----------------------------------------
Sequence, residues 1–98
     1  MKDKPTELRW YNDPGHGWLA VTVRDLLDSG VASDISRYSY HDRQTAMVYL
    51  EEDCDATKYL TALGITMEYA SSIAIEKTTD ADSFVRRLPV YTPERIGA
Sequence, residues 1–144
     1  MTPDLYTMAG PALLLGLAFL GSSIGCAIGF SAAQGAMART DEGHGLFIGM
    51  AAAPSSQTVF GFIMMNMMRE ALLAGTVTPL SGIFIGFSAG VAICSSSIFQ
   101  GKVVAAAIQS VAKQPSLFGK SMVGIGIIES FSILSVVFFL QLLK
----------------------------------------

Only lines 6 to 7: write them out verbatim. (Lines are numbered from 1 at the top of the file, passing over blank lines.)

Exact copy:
    51  AAAPSSQTVF GFIMMNMMRE ALLAGTVTPL SGIFIGFSAG VAICSSSIFQ
   101  GKVVAAAIQS VAKQPSLFGK SMVGIGIIES FSILSVVFFL QLLK